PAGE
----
Some observers in Washington say U. S. defense policy probably wouldn’t have changed much regardless of which candidate won the election on November 6. “Military issues have an inertia all their own,” said Jason Maclean, an independent Washington analyst and author. “They take years to change and they rarely reflect the personality of the man in the White House.”
To others, it makes a difference that incumbent President Barack Obama, a Democrat, defeated his Republican challenger, former Gov. Mitt Romney. “They’re different in both substance and style,” said Loren Thompson, a defense analyst at the Lexington Institute.
With regard to style, it has gone mostly unnoticed that Obama is a “hands on” commander-in-chief. He requests briefings on battalion-level operations. He signs off on “kill lists” in the drone war the United States is waging against al Qaeda and Taliban leaders in Afghanistan and Pakistan. The nation’s 44th president made key decisions in the May 1, 2012 Navy SEAL raid that killed Osama bin Laden, down to details of how many helicopters to use – and he made the risky decision to go when key aides advised against it. Romney was expected to follow the George W. Bush model and rely heavily on the advice of Pentagon leaders and industry figures. Significantly, the 2012 election was the first since wartime 1944 when neither presidential candidate was a military veteran.
No matter the outcome of the election, the nation was always going to have a new Secretary of Defense. Pentagon boss Leon Panetta, who is increasingly looking like an interim figure, wants to leave. A likely replacement is his deputy Ashton Carter. But even if Romney had been elected and, as expected, made former Navy Secretary John Lehman his Defense Department boss, the nation would still be leaving behind its emphasis on counter-insurgency warfare that dominated Pentagon thinking during the 2006-2011 tenure of Robert Gates.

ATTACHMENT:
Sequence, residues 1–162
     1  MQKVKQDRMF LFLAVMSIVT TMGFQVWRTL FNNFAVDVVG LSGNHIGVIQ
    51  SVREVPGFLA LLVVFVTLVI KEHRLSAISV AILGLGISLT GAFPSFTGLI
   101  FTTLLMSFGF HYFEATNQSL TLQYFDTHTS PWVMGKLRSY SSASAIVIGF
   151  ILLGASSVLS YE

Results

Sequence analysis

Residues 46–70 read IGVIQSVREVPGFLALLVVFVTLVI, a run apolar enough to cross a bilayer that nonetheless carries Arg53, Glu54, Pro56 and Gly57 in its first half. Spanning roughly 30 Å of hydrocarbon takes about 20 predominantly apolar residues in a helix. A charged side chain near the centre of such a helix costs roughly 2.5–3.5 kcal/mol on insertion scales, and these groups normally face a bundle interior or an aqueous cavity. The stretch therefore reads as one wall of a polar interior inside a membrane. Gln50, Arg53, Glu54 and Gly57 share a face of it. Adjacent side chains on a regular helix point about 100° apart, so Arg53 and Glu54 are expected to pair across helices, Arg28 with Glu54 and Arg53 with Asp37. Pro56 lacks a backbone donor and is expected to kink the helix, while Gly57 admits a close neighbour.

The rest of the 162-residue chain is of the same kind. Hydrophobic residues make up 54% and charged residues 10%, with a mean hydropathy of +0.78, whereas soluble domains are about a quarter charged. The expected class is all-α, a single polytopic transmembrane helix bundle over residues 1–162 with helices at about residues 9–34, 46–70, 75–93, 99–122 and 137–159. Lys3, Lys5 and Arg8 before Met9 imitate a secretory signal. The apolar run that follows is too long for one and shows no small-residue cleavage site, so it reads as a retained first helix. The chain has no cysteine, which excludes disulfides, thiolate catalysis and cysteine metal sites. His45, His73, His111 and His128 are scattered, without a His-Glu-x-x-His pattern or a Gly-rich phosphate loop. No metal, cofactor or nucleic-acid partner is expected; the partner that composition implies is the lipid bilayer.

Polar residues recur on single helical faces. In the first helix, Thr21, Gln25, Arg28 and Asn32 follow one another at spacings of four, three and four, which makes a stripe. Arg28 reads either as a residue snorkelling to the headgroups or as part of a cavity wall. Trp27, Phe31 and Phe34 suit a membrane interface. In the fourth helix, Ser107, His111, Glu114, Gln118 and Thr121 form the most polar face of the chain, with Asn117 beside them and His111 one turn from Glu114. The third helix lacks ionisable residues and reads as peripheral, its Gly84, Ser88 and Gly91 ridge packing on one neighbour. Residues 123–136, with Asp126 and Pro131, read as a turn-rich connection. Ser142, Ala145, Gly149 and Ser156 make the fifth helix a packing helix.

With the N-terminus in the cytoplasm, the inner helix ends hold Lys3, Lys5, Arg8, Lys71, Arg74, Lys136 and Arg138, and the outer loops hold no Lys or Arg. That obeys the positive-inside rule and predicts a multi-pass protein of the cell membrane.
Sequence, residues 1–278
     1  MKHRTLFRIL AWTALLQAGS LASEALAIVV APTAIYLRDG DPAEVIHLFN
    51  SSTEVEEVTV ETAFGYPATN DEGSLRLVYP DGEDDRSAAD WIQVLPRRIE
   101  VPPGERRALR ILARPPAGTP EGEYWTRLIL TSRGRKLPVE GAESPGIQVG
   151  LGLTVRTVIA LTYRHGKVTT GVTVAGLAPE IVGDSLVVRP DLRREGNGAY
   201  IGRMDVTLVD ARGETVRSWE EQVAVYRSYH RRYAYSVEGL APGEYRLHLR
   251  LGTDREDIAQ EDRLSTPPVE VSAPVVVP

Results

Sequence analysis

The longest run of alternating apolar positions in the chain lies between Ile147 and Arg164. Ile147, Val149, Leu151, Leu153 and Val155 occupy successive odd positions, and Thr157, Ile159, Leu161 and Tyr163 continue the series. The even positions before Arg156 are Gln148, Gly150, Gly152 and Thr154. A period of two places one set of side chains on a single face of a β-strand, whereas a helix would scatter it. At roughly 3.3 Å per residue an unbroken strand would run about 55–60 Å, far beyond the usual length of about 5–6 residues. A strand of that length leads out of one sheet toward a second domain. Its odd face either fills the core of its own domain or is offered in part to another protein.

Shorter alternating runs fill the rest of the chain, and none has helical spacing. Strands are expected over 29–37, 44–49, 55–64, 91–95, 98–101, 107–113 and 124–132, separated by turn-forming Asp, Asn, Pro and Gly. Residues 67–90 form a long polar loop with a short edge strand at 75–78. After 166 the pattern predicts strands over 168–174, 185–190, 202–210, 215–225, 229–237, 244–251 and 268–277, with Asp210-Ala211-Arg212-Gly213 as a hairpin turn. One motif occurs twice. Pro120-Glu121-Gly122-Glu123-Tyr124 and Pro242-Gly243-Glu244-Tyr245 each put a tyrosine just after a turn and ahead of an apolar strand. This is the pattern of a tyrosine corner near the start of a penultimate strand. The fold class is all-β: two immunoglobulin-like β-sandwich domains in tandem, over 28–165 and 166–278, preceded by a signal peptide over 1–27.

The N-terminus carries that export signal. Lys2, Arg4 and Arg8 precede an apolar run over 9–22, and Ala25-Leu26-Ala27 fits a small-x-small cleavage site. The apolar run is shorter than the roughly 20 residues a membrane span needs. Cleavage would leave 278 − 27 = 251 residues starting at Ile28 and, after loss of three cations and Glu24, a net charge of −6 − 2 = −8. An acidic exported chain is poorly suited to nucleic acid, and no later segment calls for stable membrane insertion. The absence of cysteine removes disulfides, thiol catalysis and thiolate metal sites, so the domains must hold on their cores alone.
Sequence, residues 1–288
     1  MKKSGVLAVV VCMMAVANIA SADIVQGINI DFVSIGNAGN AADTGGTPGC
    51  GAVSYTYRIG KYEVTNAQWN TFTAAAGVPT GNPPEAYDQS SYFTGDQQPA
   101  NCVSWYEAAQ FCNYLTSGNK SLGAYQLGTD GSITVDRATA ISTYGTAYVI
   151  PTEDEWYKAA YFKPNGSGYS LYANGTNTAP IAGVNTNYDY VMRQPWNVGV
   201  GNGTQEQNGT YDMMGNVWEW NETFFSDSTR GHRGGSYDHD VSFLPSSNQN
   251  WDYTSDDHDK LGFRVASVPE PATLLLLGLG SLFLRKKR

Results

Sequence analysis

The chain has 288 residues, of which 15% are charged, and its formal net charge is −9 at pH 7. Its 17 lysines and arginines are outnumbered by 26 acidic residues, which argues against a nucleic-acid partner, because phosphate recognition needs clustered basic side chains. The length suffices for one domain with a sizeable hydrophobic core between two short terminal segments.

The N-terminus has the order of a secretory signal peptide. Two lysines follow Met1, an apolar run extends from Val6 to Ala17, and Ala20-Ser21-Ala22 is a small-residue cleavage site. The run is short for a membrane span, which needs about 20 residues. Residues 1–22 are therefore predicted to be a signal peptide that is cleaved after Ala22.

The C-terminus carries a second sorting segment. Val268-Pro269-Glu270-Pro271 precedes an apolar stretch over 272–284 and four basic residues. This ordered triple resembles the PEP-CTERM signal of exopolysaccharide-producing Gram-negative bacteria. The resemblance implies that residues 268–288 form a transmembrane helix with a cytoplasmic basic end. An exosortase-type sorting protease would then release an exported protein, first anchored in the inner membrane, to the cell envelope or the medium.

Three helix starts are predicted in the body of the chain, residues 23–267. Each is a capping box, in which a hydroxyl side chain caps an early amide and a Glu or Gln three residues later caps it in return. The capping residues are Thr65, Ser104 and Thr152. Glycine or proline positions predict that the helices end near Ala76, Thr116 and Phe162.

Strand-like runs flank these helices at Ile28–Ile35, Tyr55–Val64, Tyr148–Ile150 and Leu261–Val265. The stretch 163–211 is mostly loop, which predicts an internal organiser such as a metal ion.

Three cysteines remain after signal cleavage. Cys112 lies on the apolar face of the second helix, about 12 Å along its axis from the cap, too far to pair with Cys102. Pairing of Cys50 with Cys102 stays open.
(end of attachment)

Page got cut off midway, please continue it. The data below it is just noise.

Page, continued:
Head scratching by analysts in Washington is producing thoughts about the election result and its link to future defense policy, but most seem focused on the obvious. A “pivot” toward Asia and the Pacific, reduced troop strength in the Army and Marine Corps, and a bolstered Navy and Air Force are among the changes Obama has espoused and will probably implement when he begins his second term on January 20. It remains to be seen whether Congress will let Obama stick to his plan to shrink the Army to 490,000 active-duty troops and the Marine Corps to 186,000 over the next five years.
No battleship is part of U.S. inventory today, but the word popped up in a presidential debate – in its guise as the name of the popular board game “Battleship” – so it might be appropriate to create a metaphor that wasn’t used in the campaign. American defense policy is like a man-o’-war in the sense that it can be turned around only very slowly. No elected official can bring about rapid change in military programs, and it’s unlikely that the occupant of the White House would be able to do so even if the election result had been different.